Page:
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The Daily Wildcat

The Daily Wildcat

 

    Cartoon Controversy

    Ah, journalism-the ability to write and publish anything in the name of “”freedom of speech.”” As an evil journalist, I’ll stick by that freedom until I run out of breath. But I have zero tolerance for the abuse of that right. When did freedom of speech become an excuse to be asinine? I don’t believe that anything is black or white and with everything there is a matter of judgment both journalistically and ethically in anything that is published. Ethically, the cartoon simply shouldn’t have been published. And in terms of protecting that gem we call freedom of speech, this kind of spectacle is abusive to what that freedom stands for and it ultimately discredits the Wildcat as a whole. Freedom of speech and the freedom of the press are vital in this country. Abusing them only narrows these rights. And quite frankly, that’s scarier than any cartoon published. This is a great student newspaper, where we should be able to raise important, controversial issues, not make ludicrous assumptions or judgments in the name of entertainment or even freedom of speech.

    Chelsea Jo Simpson is a journalism junior.

    Upon first glance at Joseph Topmiller’s cartoon, I imagined an underpaid server who has had a crappy day, praying for a scapegoat to come along and shoulder the blame. On a larger scale, such was the provenance of Hitler’s rise and the resentment toward each new wave of immigrants on our own land. It is common for humans to do this to one another. Nevertheless, the cartoon was a tasteless and low-brow jibe that probably should not have been printed. But it was, and we cannot erase that.

    I like to think that some good can come out of this seeming disaster. Instead of cartoon riots on par with those emanating from a Danish newspaper’s depiction of the prophet Mohammed two years ago, I propose a constructive, campus-wide dialogue on the issue of race and comedy.

    Stereotypes are so prevalent in comedy routines because they can be hilarious. Chris Rock has a great skit on black people and their love affair with fried chicken. And we all know of Jeff Foxworthy’s “”redneck”” gag. But wait, Carlos Mencia has made a living out of making fun of Mexicans, and he’s from El Salvador! How close to a culture do you have to be to access its practices for comedic purposes? When is the line crossed? And, finally, if Topmiller’s last name were more “”Jewish-sounding,”” would there have been such uproar? I exhort you to discuss these issues with aplomb and respect. Otherwise, Mr. Topmiller has won.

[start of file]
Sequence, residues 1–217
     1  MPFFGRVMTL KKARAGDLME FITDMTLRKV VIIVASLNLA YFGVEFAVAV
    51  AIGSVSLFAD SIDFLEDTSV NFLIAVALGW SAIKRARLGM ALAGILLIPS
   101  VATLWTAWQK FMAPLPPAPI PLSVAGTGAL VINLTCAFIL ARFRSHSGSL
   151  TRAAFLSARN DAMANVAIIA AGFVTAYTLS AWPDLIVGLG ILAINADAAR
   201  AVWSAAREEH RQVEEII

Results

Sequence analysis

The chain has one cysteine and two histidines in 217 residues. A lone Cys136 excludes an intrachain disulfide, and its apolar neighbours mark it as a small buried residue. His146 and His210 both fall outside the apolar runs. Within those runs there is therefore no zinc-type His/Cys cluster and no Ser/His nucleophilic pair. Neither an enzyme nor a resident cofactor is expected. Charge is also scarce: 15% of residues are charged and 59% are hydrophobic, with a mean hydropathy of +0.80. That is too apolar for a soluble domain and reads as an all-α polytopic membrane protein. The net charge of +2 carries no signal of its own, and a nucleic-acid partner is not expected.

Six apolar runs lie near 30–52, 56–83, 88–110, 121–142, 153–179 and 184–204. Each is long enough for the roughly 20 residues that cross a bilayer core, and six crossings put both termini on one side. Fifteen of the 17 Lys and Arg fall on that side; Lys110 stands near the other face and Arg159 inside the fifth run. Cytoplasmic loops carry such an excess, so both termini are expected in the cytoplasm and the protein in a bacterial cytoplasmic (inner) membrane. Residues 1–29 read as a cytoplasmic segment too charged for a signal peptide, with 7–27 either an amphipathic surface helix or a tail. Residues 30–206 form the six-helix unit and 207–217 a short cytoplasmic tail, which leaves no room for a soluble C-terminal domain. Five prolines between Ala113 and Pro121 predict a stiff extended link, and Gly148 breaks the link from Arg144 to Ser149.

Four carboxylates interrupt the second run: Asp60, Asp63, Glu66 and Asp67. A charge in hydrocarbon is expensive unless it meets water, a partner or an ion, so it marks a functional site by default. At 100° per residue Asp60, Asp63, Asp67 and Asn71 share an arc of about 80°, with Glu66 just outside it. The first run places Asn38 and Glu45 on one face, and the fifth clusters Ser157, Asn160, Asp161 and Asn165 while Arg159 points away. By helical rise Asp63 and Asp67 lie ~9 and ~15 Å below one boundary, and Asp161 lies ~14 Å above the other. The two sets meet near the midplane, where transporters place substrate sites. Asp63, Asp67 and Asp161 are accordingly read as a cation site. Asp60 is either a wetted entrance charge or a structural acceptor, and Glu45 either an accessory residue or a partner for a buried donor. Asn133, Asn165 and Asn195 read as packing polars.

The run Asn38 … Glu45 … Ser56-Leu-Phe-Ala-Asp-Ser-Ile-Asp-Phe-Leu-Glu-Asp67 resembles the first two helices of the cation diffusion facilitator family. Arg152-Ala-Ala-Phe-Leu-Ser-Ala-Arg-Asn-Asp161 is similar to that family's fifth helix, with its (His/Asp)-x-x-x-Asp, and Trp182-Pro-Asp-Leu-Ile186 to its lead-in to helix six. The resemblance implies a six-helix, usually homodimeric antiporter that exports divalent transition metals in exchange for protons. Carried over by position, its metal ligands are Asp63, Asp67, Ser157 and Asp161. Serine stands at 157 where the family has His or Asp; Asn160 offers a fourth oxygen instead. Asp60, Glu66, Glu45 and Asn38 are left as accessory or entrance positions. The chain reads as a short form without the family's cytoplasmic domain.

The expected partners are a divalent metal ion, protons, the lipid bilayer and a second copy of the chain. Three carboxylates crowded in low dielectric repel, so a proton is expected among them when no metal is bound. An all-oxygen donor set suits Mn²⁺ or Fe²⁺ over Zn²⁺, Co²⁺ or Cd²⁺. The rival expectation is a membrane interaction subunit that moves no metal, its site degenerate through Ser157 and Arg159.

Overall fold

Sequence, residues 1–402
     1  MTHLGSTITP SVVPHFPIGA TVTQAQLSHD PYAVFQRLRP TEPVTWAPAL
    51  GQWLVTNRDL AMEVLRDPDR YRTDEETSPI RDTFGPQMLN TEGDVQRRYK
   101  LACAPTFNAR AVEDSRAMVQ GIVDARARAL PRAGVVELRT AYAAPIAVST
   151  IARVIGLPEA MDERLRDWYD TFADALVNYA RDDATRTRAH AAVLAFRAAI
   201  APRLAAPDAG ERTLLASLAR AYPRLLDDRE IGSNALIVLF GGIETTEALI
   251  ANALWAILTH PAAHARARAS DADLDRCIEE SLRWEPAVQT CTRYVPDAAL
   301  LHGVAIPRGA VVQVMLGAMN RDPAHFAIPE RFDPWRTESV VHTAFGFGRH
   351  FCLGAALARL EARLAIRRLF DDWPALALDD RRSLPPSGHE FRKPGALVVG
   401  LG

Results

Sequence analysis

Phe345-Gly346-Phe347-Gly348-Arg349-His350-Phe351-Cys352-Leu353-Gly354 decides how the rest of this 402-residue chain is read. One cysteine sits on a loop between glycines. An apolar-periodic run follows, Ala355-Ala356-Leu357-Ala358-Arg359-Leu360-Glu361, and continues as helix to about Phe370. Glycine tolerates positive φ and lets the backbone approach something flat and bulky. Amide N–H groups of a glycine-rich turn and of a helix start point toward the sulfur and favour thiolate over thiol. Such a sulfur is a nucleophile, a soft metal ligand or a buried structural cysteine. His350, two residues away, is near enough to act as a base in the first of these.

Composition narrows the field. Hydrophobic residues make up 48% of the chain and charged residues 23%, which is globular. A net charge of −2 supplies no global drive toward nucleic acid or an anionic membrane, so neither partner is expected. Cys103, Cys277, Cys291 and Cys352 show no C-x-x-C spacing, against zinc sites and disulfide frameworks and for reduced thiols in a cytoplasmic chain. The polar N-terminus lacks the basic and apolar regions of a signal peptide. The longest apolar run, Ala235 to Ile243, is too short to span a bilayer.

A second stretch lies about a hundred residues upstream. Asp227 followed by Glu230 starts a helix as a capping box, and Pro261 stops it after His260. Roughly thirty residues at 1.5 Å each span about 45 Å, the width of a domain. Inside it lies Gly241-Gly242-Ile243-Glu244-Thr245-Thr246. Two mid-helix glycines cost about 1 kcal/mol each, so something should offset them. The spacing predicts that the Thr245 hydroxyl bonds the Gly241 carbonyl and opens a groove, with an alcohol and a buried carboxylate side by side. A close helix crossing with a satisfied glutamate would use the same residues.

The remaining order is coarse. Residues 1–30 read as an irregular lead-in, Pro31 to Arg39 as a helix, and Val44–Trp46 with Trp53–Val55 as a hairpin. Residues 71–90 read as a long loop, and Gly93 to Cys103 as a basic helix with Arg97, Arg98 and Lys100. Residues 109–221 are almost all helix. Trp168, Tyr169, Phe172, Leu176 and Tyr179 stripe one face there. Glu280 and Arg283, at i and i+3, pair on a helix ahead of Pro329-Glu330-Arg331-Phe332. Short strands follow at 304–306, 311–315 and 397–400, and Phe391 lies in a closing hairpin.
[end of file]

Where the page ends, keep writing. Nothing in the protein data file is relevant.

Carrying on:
Eric Reichenbacher is a senior majoring in economics and international studies.

    This is by no means the first time No Relation has flirted with hate-filled humor. Topmiller’s comics poke fun against blacks, homosexuals, the disabled and Greek Life with disturbing frequency. Almost no social demographic has escaped the artist’s abrasive and disrespectful ridicule. However, when the comic was removed several weeks ago because of perpetual offense, the resulting dozens of letters protesting the editorial censorship resulted in the comic’s return. “”No Relation”” clearly has one of the strongest fan bases of any Wildcat comic. This popularity says more about the readership than the creator. Fans who wrote in protesting the removal of “”No Relation”” several weeks ago should now step forward and voice their opinions. A tasteless anti-Semitic joke is just as offensive to me as the jabs at the elderly and less fortunate. However, the comic should not be removed unless the fans who like the comic believe Topmiller has undeniably crossed the line of no return.